ASIC has given some guidance on what super funds can offer to employers, after laws were tightened following a Royal Commission recommendation driven by spending on entertainment and sporting events.
“Superannuation trustees must understand that providing inducements to employers to influence them in their choice of a default super fund is generally illegal,” said ASIC Commissioner Danielle Press.
“The recent amendments mean civil and criminal penalties can be imposed on superannuation trustees who don’t comply with the law.”
Following from a recommendation of the Royal Commission into Misconduct in the Banking, Superannuation and Financial Services Industry, section 68A of the SIS Act was enhanced up to allow for civil and criminal penalties for super fund trustees using goods or services to influence the decision of employers of default super fund.
The Royal Commission found that some large super funds were spending “not insignificant” amounts on establishing and maintaining relationships with people who choose default funds, including on entertainment and sporting events.
Press continued: “While employers are not required to consider their employees’ best interests when making decisions on default super funds, their decisions can significantly impact employees’ retirement income and potentially affect their future financial security.”
“ASIC is concerned because employees who are not engaged with their super are particularly vulnerable to negative financial outcomes as a result of poor employer decision-making.”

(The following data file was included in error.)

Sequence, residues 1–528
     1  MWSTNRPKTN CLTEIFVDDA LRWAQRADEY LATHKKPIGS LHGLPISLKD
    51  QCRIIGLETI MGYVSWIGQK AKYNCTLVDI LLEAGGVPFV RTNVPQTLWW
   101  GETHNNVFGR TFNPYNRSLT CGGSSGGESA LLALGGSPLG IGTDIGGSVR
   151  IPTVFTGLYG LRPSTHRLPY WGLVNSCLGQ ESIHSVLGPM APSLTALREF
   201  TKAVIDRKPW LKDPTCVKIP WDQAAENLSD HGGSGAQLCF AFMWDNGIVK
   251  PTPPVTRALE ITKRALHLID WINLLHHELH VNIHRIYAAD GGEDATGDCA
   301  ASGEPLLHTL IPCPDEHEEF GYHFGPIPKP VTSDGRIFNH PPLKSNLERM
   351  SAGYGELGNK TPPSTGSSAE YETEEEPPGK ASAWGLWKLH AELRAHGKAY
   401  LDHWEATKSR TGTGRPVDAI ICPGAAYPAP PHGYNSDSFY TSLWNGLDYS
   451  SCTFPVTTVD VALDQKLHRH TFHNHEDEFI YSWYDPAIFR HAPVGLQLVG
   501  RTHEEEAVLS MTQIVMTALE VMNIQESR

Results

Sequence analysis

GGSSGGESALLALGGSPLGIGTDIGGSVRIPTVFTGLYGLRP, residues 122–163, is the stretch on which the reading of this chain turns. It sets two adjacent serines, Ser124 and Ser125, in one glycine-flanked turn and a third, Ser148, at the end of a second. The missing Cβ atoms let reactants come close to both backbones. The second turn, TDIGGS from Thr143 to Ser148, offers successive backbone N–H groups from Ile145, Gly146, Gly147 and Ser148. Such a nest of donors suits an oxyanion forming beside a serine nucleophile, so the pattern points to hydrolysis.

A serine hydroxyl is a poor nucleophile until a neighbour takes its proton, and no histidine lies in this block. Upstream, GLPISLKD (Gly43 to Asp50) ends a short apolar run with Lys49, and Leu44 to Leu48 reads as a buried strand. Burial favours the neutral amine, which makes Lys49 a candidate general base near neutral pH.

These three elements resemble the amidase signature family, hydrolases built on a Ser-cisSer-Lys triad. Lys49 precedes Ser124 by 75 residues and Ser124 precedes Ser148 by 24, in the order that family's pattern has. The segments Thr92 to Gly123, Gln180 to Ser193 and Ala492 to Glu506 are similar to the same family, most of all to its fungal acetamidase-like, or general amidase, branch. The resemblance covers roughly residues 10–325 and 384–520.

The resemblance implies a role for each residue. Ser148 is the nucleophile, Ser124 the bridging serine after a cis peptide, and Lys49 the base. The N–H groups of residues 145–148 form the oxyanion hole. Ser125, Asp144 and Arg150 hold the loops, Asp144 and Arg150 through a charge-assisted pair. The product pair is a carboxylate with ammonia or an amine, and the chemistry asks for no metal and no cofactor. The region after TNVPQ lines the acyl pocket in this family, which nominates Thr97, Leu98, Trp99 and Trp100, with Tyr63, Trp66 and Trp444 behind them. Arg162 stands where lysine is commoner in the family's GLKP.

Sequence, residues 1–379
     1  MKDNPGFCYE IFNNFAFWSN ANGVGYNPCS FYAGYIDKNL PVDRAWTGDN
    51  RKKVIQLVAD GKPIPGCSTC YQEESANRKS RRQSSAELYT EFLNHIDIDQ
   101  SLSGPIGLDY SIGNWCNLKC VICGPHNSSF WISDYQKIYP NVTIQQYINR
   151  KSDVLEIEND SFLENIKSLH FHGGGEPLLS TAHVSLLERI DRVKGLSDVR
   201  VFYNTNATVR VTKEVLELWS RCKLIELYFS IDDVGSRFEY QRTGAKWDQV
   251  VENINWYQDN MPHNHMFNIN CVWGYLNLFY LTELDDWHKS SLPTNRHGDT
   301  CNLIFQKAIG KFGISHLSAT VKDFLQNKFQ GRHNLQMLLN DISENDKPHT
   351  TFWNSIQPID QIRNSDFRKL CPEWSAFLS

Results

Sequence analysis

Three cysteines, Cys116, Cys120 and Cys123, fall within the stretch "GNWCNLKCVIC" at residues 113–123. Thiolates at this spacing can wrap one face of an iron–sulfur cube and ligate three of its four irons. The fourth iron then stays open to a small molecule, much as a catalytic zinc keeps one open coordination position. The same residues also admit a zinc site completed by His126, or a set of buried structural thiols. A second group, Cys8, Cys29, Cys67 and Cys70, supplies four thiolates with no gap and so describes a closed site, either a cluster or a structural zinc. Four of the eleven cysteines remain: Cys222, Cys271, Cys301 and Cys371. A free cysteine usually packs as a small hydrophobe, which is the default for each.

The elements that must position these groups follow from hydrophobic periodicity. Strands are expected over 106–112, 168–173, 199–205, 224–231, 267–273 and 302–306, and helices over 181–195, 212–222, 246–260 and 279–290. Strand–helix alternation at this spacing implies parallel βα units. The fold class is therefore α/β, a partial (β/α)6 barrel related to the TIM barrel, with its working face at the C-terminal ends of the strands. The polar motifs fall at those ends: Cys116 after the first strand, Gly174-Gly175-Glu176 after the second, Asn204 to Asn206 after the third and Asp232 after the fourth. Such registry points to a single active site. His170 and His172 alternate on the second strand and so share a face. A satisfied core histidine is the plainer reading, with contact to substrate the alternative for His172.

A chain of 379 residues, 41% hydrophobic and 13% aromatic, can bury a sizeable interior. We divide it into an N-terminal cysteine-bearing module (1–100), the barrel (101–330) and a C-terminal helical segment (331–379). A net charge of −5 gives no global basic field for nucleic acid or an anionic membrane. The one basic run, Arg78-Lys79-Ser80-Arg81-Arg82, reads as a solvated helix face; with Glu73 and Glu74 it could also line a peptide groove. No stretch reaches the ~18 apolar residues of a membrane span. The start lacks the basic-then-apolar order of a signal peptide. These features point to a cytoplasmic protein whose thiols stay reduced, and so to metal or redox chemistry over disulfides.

“We expect the recent changes to the law will ensure that super trustees are promoting their products to employers on their merits, rather than the inducements they can provide. ASIC’s new guidance will make it easier for them to understand their new obligations, and not engage in potential misconduct.”
ASIC gives some examples of how the new s68A could apply – including saying that giving tickets to a “sporting event grand final” would likely be a breach of s68A, and that discounted insurance premiums for a business choosing the fund owned by the same financial services group would also likely be a breach. A fund update over a “modest lunch” is unlikely to be a breach, and educational seminars on superannuation topics may not be a breach. Other examples say that clearing house facilities or discounts on admin fees for employees would not be breaches.
ASIC says it has “no power to give relief from the prohibition in section 68A”, but does point to exemptions – including business loans made on a commercial arm’s length basis, providing for the forwarding of contributions (a clearing house), providing an employer or employees with “advice or administrative services relating to the payment of superannuation contributions”, and “goods or services available to employees on at least as favourable terms as the supply of good or services to the employer”.